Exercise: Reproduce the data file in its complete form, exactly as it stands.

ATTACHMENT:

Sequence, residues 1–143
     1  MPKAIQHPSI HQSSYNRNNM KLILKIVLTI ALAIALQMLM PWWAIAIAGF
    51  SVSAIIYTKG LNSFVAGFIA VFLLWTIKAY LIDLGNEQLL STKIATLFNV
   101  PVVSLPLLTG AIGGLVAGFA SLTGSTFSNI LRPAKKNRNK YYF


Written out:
Sequence, residues 1–143
     1  MPKAIQHPSI HQSSYNRNNM KLILKIVLTI ALAIALQMLM PWWAIAIAGF
    51  SVSAIIYTKG LNSFVAGFIA VFLLWTIKAY LIDLGNEQLL STKIATLFNV
   101  PVVSLPLLTG AIGGLVAGFA SLTGSTFSNI LRPAKKNRNK YYF